“We will be adding COVID-19 to the [respiratory label] but that will take a few more months of development,” says Stevenson. “[When that is added] that will change the game because you can rule out COVID-19 right along with the 20 other cases of respiratory infection.”

Though the FilmArray respiratory panels are already available for purchase, the initial batch of BioFire’s COVID-19 tests was sent to the Department of Defense in mid-March. The company expects to have the test available on a clinical basis around the third week of April.


Additionally, to further help meet the need of sick Utahns, ARUP Laboratories, a nonprofit enterprise of the University of Utah, was one of the first non-public health laboratories to offer COVID-19 testing when the pandemic first hit.


“ARUP began working with an outside manufacturing partner back in January.  As soon as the FDA issued their guidance in late February, ARUP was able to complete the validation of the test, and we began running tests on March 11,” says Brian Jackson, official spokesperson for ARUP Laboratories.

Between March 11-27th ARUP Laboratories revved up their testing capacity to run 2,400 tests per day. However, in order to preserve both testing capacity and rapid result delivery, ARUP is focusing initial testing efforts on Utah, and as of late March is not offering COVID-19 testing to hospitals outside of the state.

In an online press release, Sherrie Perkins, MD, PHD, and CEO at ARUP says that ARUP has faced challenges in sourcing the needed reagents and other supplies needed to run these tests at scale. And they aren’t the only ones, though BioFire manufactures their own reagents, they too are worried about meeting the demand for their products.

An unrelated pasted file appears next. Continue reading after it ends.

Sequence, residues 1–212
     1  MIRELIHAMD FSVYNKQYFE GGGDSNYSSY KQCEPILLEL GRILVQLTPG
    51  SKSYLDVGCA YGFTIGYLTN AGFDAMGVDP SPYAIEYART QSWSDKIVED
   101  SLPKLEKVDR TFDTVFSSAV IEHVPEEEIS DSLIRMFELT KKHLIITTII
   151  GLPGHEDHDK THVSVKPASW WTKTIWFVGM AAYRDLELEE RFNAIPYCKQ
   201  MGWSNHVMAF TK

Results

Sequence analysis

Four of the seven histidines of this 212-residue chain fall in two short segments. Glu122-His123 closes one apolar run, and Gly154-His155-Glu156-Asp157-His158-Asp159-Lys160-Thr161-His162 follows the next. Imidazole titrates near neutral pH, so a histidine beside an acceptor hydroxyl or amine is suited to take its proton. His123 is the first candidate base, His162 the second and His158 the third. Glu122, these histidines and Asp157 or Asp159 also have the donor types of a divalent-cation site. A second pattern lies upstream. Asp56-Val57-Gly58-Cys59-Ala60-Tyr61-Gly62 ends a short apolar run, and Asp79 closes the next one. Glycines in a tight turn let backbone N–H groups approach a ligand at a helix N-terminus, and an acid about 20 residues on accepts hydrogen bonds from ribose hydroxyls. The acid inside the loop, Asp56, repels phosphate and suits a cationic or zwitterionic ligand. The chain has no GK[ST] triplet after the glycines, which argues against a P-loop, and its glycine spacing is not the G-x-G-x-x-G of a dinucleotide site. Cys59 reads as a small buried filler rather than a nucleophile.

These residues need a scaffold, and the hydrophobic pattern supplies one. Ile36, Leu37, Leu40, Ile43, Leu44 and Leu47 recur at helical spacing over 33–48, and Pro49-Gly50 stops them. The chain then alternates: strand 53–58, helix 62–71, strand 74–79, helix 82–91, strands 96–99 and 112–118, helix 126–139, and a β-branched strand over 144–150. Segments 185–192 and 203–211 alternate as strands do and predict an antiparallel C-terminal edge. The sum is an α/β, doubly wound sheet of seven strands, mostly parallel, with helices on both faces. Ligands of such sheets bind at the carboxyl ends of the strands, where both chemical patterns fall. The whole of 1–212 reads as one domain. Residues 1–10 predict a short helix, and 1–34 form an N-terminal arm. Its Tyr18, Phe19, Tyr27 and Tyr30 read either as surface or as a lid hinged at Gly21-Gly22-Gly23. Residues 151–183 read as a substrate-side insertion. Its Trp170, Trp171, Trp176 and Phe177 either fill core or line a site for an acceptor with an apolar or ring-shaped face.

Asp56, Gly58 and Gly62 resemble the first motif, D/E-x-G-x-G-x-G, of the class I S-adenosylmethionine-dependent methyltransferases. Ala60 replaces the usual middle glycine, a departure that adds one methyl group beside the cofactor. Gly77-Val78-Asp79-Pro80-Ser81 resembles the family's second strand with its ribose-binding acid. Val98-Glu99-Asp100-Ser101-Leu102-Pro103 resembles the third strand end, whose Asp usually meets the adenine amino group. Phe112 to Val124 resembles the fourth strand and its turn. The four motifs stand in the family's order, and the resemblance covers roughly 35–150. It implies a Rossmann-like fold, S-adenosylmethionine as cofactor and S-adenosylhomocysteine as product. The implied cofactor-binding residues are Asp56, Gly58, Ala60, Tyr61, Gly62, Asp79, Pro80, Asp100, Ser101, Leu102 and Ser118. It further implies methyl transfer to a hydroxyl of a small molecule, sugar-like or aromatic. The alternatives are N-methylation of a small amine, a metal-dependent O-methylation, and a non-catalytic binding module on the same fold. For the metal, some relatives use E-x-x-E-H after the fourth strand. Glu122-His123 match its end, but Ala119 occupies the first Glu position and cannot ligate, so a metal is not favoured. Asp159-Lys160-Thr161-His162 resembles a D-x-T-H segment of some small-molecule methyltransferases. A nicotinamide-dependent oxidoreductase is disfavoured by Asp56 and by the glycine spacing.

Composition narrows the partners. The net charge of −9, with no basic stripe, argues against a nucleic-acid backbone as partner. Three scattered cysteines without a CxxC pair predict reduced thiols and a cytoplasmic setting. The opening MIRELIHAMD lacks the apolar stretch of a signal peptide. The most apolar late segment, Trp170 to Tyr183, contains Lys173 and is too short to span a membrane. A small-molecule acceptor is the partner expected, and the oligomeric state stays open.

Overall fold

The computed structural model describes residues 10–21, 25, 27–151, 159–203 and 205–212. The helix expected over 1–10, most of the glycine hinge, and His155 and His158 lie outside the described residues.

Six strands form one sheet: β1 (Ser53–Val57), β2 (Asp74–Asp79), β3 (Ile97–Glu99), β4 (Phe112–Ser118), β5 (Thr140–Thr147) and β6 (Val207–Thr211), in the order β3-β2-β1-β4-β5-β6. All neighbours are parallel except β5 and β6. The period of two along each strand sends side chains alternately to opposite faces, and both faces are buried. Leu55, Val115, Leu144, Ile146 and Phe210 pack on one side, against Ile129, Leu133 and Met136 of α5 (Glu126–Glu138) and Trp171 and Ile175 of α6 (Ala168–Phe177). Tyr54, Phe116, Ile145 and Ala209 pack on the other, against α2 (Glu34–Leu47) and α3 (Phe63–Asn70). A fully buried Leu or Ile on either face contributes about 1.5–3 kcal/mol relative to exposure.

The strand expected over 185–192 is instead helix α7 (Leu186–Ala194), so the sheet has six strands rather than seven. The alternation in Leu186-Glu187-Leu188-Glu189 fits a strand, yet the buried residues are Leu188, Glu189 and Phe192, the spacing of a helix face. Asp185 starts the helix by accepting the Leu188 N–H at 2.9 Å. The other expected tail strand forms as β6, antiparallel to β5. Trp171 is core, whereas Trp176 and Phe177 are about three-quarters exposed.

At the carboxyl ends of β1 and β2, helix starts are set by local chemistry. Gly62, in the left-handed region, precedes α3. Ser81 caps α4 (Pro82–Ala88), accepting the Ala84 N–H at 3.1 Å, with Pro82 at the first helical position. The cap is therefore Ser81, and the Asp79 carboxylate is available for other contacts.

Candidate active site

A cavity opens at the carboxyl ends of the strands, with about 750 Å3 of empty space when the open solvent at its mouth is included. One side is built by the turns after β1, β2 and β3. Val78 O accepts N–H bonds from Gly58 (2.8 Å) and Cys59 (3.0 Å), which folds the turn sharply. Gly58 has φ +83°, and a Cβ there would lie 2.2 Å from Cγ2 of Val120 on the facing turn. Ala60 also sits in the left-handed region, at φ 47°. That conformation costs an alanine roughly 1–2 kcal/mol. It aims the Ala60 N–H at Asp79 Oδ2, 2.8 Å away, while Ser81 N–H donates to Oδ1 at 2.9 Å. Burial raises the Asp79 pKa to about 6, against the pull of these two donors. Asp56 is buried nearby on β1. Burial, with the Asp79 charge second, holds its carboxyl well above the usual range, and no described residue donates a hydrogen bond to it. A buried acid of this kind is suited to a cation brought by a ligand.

“Demand for the tests is going to be much greater than our ability to provide them,” says Stevenson. “We will very likely launch [the clinical COVID-19 test] under an allocation where we can only fill a [certain number of orders.]” And that’s a problem echoed throughout the entire diagnostic industry.


Though the lack of reagents is causing some uneasiness for healthcare providers and biotech companies throughout the country, there are a few other companies throughout Utah who are doing anything and everything they can to normalize the situation as much as possible.

On March 20th, Chris Gibson, CEO of the Salt Lake-based biotech powerhouse, Recursion Pharmaceuticals announced in a series of tweets that they would be partnering with a local “BioSafety Level 3” facility to do a series of experiments on “compounds and their efficacy against COVID-19.”

The Recursion team promised to share any discoveries with the scientific community and Gibson confirmed that the company would not be seeking profit on any discoveries that might be made. But it’s not just the biotech companies throughout Utah rallying around the doctors, nurses, and patients fighting on the front lines. In true tech-community spirit, the companies who make up the Silicon Slopes are working hard to do their part, as well.

In a town hall meeting just days after Gov. Herbert first put the guidelines in place in early March, Silicon Slopes members set up a community relief fund designed to help those in need. They plan to use their allocated funds throughout Utah to fund things like additional FDA approved tests for Utahns, the aquisition of medical supplies for healthcare and nonprofit workers, as well as additional public health and K-12 education efforts.

“One part of Silicon Slopes’ mission is to serve,” says Clint Betts, executive director for Silicon Slopes. “COVID-19 impacts all of us, so it’s important that we all play a role as we address this issue. By pooling our collective resources we’ll be able to come out of this in a lot better position than if we operated in our own siloes.”